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J Prev Med Public Health. 2017 Jan;50(1):10-17. doi: 10.3961/jpmph.16.080.

Meeting Recommended Levels of Physical Activity in Relation to Preventive Health Behavior and Health Status Among Adults.

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Health Promotion Program, Montana State University-Northern, Havre, MT, USA.



The purpose of this study was to examine the relationship of meeting the recommended levels of physical activity (PA) with health status and preventive health behavior in adults.


A total of 5630 adults 18 years of age or older were included in this study. PA was assessed using a series of questions that categorized activities based on their metabolic equivalent values and then categorized individuals based on the reported frequency and duration of such activities. Participants reporting 150 minutes or more of moderate-intensity PA per week were considered to have met the PA guidelines. Multiple logistic regression was used to model the relationships between meeting PA guidelines and health status and preventive health behavior, while controlling for confounding variables.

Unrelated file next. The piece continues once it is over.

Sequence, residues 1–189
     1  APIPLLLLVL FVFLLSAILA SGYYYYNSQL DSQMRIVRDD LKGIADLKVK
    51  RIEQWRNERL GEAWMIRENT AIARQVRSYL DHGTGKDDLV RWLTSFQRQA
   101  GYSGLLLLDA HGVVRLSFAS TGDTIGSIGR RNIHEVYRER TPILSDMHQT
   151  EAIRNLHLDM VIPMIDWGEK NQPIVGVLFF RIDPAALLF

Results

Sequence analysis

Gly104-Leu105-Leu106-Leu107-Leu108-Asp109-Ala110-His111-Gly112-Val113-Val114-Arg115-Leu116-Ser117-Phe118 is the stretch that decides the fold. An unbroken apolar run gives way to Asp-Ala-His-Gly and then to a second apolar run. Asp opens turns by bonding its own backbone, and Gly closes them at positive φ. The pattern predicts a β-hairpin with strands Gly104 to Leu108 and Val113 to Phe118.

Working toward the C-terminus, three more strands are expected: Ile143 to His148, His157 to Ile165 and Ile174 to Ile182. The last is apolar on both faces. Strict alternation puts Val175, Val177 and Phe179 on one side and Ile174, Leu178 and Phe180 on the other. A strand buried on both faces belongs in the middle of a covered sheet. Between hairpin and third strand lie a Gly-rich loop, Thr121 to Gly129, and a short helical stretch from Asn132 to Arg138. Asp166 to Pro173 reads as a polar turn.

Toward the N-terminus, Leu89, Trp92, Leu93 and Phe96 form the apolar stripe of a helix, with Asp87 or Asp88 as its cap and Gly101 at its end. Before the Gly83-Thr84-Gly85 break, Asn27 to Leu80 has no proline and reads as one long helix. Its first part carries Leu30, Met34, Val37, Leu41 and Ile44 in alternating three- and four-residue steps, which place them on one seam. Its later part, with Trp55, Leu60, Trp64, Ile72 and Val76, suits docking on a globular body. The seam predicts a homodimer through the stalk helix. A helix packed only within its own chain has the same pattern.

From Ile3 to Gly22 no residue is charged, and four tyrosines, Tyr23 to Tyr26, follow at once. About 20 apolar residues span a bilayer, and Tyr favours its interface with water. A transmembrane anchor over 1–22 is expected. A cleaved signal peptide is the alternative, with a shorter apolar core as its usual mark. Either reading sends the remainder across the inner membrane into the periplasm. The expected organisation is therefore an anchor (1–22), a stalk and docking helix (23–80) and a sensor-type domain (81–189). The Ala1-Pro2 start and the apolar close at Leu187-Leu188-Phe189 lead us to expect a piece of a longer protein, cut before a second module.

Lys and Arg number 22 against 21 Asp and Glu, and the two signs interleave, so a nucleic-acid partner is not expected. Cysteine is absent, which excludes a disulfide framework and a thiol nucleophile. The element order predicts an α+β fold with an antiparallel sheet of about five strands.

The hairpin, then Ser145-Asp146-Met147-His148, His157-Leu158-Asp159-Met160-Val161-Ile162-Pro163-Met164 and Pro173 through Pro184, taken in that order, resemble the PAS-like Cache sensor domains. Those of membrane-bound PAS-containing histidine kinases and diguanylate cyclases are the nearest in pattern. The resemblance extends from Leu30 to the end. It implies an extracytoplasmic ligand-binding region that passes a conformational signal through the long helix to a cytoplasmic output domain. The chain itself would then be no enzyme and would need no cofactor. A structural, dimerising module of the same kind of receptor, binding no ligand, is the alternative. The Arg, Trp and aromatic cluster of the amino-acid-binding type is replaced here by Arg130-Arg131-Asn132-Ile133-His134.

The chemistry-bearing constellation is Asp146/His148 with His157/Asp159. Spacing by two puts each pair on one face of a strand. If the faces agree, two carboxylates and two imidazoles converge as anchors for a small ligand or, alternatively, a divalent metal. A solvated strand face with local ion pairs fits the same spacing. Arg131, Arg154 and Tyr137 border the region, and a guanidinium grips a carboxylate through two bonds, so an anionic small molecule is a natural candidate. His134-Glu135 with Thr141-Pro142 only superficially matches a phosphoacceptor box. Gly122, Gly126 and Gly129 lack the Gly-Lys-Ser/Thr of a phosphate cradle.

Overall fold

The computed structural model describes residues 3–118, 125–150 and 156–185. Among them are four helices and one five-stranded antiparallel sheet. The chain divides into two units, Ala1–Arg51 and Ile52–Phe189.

Overall, 53.9% (95% confidence interval [CI], 51.9 to 55.9%) of adults reported meeting the recommended levels of PA. Among adults with good general health, 56.9% (95% CI, 54.7 to 59.1%) reported meeting the recommended levels of PA versus 43.1% (95% CI, 40.9 to 45.3%) who did not. Adults who met the PA guidelines were significantly more likely not to report high cholesterol, diabetes, chronic obstructive pulmonary disease, arthritis, asthma, depression, or overweight. Furthermore, adults meeting the PA guidelines were significantly more likely to report having health insurance, consuming fruits daily, consuming vegetables daily, and not being a current cigarette smoker.


In this study, we found meeting the current guidelines for PA to have a protective relationship with both health status and health behavior in adults. Health promotion programs should focus on strategies that help individuals meet the current guidelines of at least 150 minutes per week of moderate-intensity PA.


Epidemiology; Health promotion; Health status; Population; Quality of life; Exercise

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